In instances where the tunnel is shallow the cut-and-cover method is used. This method involves the excavation of a large open cavern in the ground, which is covered up again after the completion of the structure. The Gautrain project uses the cut-and-cover method at its underground stations at Park station, the Rosebank station and the Sandton station, as well as for structures at the Marlboro portal.

Van der Merwe says the cut-and-cover process firstly involves the excavation of a shallow trench. Drilling-and-blasting is used to excavate rock. While the rock underneath the highway is being excavated, lateral supporting pillars are put in place to stabilise the highway and prevent the trench from collapsing.

Traffic flow continues undisturbed on the temporary deviations, while excavation continues. Once the underpass structure has been completed, the surface is reinstated or roofed over. This process is a significant engineering challenge that has been achieved through careful design and construction techniques.

Cut-and-cover tunnels at shallow depth have been used worldwide for centuries. New technology now allows the use of cut-and-cover methods at increasing depths and very close to, or even under, existing tall buildings.

Meanwhile, a 3-km portion of the tunnel between the Park station and the Rosebank station is being excavated using the high-technology TBM.

The R300-million TBM was designed and custom-built by Herrenknecht, in Germany, to cope with the complex underground geological conditions south of Rosebank. Geology in this area features a high-water table, as well as varying degrees of hard rock, sand, and soft, waterlogged soil.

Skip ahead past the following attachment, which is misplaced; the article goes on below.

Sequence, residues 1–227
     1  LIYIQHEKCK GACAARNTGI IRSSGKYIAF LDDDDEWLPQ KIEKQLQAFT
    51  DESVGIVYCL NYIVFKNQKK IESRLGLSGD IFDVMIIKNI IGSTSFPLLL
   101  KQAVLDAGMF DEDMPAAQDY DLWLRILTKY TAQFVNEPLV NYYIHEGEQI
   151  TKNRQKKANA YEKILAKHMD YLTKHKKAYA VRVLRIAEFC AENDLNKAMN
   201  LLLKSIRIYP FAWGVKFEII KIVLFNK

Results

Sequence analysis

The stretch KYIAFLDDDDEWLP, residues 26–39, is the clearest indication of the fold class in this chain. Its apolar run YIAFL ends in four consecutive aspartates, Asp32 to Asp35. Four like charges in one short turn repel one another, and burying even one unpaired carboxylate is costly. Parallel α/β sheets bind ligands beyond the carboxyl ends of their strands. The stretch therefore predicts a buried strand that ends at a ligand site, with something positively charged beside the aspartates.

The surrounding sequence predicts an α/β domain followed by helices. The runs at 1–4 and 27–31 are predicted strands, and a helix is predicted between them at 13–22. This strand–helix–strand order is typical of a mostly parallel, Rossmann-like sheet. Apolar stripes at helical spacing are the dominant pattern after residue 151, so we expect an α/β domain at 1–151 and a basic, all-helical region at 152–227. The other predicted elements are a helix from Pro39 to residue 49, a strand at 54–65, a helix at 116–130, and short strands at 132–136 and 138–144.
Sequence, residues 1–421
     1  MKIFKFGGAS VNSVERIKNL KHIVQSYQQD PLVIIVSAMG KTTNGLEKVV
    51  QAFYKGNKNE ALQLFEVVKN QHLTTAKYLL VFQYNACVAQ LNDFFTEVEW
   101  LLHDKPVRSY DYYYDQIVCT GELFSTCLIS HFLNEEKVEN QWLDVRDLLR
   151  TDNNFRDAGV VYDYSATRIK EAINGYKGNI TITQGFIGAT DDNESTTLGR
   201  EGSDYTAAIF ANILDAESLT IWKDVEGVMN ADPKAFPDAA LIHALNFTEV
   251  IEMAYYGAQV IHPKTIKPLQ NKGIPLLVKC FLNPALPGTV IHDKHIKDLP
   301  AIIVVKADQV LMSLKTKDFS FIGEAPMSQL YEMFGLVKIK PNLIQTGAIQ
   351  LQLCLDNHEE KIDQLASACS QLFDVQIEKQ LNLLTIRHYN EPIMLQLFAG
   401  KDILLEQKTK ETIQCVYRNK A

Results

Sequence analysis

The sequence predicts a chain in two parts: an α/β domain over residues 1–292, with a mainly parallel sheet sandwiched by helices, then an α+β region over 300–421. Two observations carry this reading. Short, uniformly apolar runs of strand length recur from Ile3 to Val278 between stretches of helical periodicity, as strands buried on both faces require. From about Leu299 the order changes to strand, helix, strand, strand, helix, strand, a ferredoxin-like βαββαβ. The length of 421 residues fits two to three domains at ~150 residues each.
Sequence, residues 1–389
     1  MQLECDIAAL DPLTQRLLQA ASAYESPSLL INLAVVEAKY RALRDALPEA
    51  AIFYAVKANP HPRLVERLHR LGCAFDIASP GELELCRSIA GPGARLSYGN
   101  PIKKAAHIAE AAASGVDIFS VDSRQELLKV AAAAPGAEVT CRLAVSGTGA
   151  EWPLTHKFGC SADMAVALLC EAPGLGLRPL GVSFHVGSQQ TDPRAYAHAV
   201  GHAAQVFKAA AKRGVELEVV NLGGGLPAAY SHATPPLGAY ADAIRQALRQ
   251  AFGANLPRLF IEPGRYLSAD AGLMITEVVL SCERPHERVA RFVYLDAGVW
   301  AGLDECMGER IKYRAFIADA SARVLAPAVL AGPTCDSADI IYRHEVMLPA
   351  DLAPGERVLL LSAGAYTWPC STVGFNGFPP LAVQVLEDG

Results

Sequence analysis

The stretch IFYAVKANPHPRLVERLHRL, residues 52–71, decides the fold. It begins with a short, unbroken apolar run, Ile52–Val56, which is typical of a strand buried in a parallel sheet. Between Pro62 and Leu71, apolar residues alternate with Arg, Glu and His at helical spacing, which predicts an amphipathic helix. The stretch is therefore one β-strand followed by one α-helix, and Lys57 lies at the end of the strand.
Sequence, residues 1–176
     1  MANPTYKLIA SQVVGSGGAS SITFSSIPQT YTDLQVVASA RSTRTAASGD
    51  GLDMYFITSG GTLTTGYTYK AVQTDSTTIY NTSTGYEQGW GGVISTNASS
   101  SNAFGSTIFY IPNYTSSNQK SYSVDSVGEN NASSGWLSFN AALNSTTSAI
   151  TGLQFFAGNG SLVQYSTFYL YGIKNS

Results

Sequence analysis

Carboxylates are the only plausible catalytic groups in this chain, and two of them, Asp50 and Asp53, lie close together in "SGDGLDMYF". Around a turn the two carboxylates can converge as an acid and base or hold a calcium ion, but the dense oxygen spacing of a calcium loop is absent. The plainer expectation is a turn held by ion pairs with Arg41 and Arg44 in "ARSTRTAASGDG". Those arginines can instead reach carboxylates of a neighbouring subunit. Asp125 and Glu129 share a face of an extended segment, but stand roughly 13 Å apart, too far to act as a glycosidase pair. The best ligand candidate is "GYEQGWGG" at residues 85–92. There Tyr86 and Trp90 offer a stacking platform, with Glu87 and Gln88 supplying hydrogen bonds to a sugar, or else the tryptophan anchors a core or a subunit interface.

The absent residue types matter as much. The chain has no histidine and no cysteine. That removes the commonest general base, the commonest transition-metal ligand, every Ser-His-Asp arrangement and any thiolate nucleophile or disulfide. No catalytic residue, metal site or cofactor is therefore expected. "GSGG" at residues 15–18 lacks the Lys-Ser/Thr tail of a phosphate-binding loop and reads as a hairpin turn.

At the front of the TBM machine is a rotating cutting wheel, which excavates the ground. Behind this wheel is a chamber where the excavated material accumulates, before being extracted by a pressure relief discharge system called a screw conveyor.

Excavated soil is then transported by means of a conveyor belt up to the Rosebank shaft opening, and weighed. The front cutter head of the machine advances at roughly 220 m a month. A concrete tunnel lining is built ring-by-ring in the rear.

A computerised guidance monitoring system provides information to the TBM pilot on a continuous basis.

It also allows the pilot to steer the machine, and to continuously monitor the actual position of the TBM in relation to the theoretical centre line of the tunnel at any given location along its route.